Quantcast

#ShellKnew 30 Years Ago: Documents Reveal Predictions of Extreme Weather, Climate Lawsuits

Energy
A Shell Jet A refueler tank truck on the ramp at Vancouver International Airport. Lommer / CC BY-SA 3.0

Royal Dutch Shell has known about the links between fossil fuel use and climate change for decades, according to newly-released internal company documents.

The documents, unveiled by Dutch newspaper De Correspondent on Thursday, show that the oil giant's researchers flagged that climate change could have major implications for the fossil fuel industry as far back as the 1980s—and predicted that environmental groups could sue following damages from extreme weather.


"With the very long time scales involved, it would be tempting for society to wait until then before doing anything," one 1988 report reads. "The potential implications for the world are, however, so large that the policy options need to be considered much earlier. And the energy industry needs to consider how it should play its part."

On Wednesday, Friends of the Earth announced that it would file a lawsuit against Shell if the company does not bring its investment plan in line with Paris agreement goals within eight weeks.

As reported by Climate Liability News:

One of the documents, written in 1998, models an eerily accurate scenario of violent and damaging storms hitting the East Coast of the U.S. in 2010.

"Following the storms, a coalition of environmental NGOs brings a class-action suit against the U.S. government and fossil-fuel companies on the grounds of neglecting what scientists (including their own) have been saying for years: that something must be done," the report projects.

Bill McKibben told De Correspondent that the documents show that Shell understood the risks of climate change in the 1980s.

"Had they merely been candid with the world, we could have gotten to work then, and while global warming would not yet be 'solved,' we'd be well on the way," said McKibben.

"Instead they appear to have chosen the path of hedging, minimizing, and diverting—and given the stakes, this was both tragic and immoral. Shell knew. And now we do too."

For a deeper dive:

Documents: InsideClimate News, Climate Liability News. Lawsuit: FT, The Guardian, Climate Home

For more climate change and clean energy news, you can follow Climate Nexus on Twitter and Facebook, and sign up for daily Hot News.

EcoWatch Daily Newsletter

In this Oct. 7 handout photo from the Aracaju Municipal Press Office, workers are removing oil from Viral Beach, in Aracaju, Brazil. The spill has been polluting Brazil's beaches since early September. Aracaju Municipal Press Office / AP

More than 1,000 miles of shoreline in Brazil are now contaminated by a mysterious oil spill. that has lasted for weeks as the country struggles to clean what may be its largest oil spill in history.

Read More Show Less
Sunset with crepuscular rays over downtown Miami as seen from Miami Beach, Florida. Diana Robinson / Flickr / CC BY-NC-ND 2.0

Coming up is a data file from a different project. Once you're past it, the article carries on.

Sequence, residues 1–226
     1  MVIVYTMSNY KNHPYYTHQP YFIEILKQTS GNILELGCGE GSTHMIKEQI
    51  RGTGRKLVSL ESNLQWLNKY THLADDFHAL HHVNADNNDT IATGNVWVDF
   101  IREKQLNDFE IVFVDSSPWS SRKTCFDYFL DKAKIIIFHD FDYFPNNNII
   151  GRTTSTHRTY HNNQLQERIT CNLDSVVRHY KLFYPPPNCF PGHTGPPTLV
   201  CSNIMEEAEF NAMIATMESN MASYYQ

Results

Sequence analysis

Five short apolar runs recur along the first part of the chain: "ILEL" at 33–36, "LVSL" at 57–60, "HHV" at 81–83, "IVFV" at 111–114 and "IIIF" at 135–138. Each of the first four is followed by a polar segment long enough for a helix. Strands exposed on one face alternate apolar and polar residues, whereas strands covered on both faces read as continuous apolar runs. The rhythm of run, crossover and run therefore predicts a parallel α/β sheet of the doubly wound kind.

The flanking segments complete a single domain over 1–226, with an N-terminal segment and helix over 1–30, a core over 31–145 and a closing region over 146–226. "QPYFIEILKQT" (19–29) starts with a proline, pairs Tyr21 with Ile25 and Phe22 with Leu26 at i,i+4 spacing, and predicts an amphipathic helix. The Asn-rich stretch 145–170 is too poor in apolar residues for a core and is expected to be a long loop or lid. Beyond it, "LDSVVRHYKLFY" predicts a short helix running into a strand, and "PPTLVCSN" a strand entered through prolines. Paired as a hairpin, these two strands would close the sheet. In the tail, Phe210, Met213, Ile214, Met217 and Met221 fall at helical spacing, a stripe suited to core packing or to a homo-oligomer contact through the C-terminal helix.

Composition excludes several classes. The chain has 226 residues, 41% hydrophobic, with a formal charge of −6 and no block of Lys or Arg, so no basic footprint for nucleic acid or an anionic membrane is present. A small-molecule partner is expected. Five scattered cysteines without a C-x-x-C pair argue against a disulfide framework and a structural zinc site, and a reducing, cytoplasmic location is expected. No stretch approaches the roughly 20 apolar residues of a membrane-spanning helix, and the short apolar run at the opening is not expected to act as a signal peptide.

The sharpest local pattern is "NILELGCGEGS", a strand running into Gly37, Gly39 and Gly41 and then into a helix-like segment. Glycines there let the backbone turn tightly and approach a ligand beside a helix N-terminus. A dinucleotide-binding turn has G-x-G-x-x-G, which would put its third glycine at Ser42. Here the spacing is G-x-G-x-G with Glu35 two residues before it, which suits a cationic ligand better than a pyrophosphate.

Youth activists rallying in front of Miami Beach's City Hall successfully campaigned for the coastal city to declare a climate emergency, the Miami Herald reported.

Read More Show Less
Sponsored
Nitrogen dioxide and nitrogen oxides, the pollutants released by diesel vehicles are a major source of air pollution in London. Jack Taylor / Stringer / Getty Images

On days where air pollution is higher, hundreds of people across nine major cities in England are suffering from more potentially fatal cardiac arrests or heading to the hospital for strokes or severe asthma attacks, according to new research from King's College in London.

Read More Show Less
A diet high in fish and vegetables can help keep your gut healthy. Linda Raymond / E+ / Getty Images

By Heather Cruickshank

Trillions of bacteria and other microbes live in the human digestive system. Together, they form a community that's known as the gut microbiota.

Many bacteria in the microbiota play important roles in human health, helping to metabolize food, strengthen intestinal integrity and protect against disease.

Read More Show Less
The message of the global movement to ban fracking and get off fossil fuels envisions a different future, one that starts with cutting off pollution at the source. cta88 / iStock / Getty Images Plus

By Wenonah Hauter

Donald Trump's scheduled visit to a fracking industry gathering in Pittsburgh this week is a hugely symbolic moment for the 2020 election campaign, as well as the urgent battle to contain climate catastrophe.

Read More Show Less
Sponsored
Animals most targeted by the fur industry include minks, foxes and rabbits. Hal Trachtenberg / Flickr / CC BY-NC 2.0

Macy's announced Monday that it will stop selling fur by 2021, The New York Times reported.

Read More Show Less
A young fingerling Chinook salmon leaps out of the water at Pillar Point Harbor in Half Moon Bay, California on May 16, 2018. Justin Sullivan / Getty Images

The Trump administration is rolling back protections for endangered California fish species, a move long sought by a group of wealthy farmers that Interior Secretary David Bernhardt continued to lobby for months before he began working for the administration, The New York Times reported Tuesday.

Read More Show Less

By Gretchen Goldman

The Independent Particulate Matter Review Panel has released their consensus recommendations to the EPA administrator on the National Ambient Air Quality Standards for Particulate Matter. The group of 20 independent experts, that were disbanded by Administrator Wheeler last October and reconvened last week, hosted by the Union of Concerned Scientists, has now made clear that the current particulate pollution standards don't protect public health and welfare.

Read More Show Less